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Old 02-03-2009, 09:35   #29
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Ah, RF at vhf freqs, my original profession ;-) Some points:

- Your radio is supposed to have 50 nm range between you and shorestations and other ships. Sailboats achieve that by putting the antenna (3dB gain) on the masthead, motorboats use hi-gain stacked dipoles 8' long or more.
(beyond 50 nm the required radio is MF, ie. 2182 kHz). These are the GMDSS requirements as implemented by coastguards/SAR services worldwide.

- Replace the antenna, it's to cheap to take chances. A dipole is better than the stainless whip (= base loaded groundplane but lacking the ground plane) Shakespear has a 3-foot dipole in black & white (black lasts longer in the tropics). This antenna is more difficult to install as it needs a mount on top of the mast instead of against the side and it doesn't have a connector for the cable but instead a length of cable permanently attached. You need to shorten that (thin) cable to minimum length and solder a connector on. Use a female-female adapter to connect the antenna cable and use adhesive walled heat shrink.

- coax cable ages and needs to be replaced like every 5 years. I don't think anyone does so but you really should replace it after 10 years ;-) Use RG8U tinned minimum (ancor is good quality) (motorboats can use RG8X as the length of the cable is much less). RG213U is better but doesn't last longer and more expensive... RG8U is good enough.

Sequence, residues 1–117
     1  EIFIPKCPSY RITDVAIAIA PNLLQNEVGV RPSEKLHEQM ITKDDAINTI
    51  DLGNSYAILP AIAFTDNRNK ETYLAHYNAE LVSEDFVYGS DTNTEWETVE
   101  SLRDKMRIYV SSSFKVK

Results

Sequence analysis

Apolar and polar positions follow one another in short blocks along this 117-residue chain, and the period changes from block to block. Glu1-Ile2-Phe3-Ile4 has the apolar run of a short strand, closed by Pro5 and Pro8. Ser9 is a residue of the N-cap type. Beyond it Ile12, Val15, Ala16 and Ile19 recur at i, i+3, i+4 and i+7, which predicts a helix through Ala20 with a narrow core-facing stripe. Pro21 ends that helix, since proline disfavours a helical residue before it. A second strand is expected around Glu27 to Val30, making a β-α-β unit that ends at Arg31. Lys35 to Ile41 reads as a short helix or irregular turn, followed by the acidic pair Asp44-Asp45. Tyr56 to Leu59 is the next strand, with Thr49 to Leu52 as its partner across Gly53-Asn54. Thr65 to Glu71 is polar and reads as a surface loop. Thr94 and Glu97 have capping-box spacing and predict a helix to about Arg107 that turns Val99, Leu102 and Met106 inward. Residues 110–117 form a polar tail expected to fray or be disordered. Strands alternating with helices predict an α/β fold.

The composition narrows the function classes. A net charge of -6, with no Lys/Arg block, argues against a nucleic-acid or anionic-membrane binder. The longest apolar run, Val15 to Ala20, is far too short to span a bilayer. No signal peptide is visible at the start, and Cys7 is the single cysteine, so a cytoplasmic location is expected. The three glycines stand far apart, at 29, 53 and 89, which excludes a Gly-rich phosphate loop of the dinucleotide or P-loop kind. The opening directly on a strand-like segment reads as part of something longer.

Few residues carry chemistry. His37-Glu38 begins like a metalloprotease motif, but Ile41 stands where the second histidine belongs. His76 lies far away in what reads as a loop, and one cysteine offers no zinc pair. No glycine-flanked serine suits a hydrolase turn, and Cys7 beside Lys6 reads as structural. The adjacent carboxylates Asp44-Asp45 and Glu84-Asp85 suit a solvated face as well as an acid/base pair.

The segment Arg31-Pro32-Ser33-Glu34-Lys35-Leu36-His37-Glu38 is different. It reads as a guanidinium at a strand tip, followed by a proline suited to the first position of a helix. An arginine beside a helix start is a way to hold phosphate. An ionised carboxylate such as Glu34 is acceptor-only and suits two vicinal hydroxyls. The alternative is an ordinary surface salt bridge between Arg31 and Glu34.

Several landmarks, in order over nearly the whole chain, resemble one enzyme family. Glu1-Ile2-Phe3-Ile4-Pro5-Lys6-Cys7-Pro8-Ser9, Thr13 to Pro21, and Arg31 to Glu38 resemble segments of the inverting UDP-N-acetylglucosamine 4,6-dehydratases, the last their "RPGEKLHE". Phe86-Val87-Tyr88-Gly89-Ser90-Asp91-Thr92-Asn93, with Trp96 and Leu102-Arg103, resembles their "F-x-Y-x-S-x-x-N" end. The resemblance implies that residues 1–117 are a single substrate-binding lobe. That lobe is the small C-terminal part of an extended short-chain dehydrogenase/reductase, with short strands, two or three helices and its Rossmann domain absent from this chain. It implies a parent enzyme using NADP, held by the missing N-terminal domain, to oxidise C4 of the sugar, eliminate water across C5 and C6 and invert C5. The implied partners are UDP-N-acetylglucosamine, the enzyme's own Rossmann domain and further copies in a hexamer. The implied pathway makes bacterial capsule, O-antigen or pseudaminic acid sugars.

- select a handheld with detachable antenna that uses BNC plug/connector. Now buy an adapter so you can connect you ship antenna to the handheld (very cheap). This increases handheld range enormously when main radio breaks. Range will be almost as good as with mounted radio.

- test the system using dummyload and swr meter (or antenna analyser). Install the dummyload at masthead instead of antenna too before putting heatshrink on.

cheers,
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Old 02-03-2009, 10:08   #30
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Vega, part of the reason that all 25-watt radios are not created equal is simply quality control. Electronic parts vary in quality and performance, designs vary, and these days electronic manufacturers use accountants to tear apart the final design--sometimes after certification--to see what components can be removed to reduce the production expenses.

If you buy a top-name radio (SSB or similar, VHFs are simply too cheap to invest time in) the odds are that it was checked and tuned at the factory for maximum legal output. Buy a commodity-grade radio, or cheaper products like a VHF, and it has just been assembled--not tested or tuned. And their goal is not to exceed the legal limit, so no one really cares if 25 watts is 18 or 22 on a given radio, as long as it is not 25.1 and as long as nothing is overloaded causing a warranty expense. And of course in order to ensure the random variance in parts doesn't exceed the rating--you have to shoot for something below it.

A radio tech can easily tweak your radio, but with tech labor at $75-125 per hour that can double the cost of your radio. Who's willing to ante up?

There are big savings, and gains (pun intended) to be had by getting a book on antennas, something practical and hands-on like oriented for ham radio ops, and then setting up your antenna with no voodoo, just simple physics and knowing the right choices to make, instead of gambling on the salesman.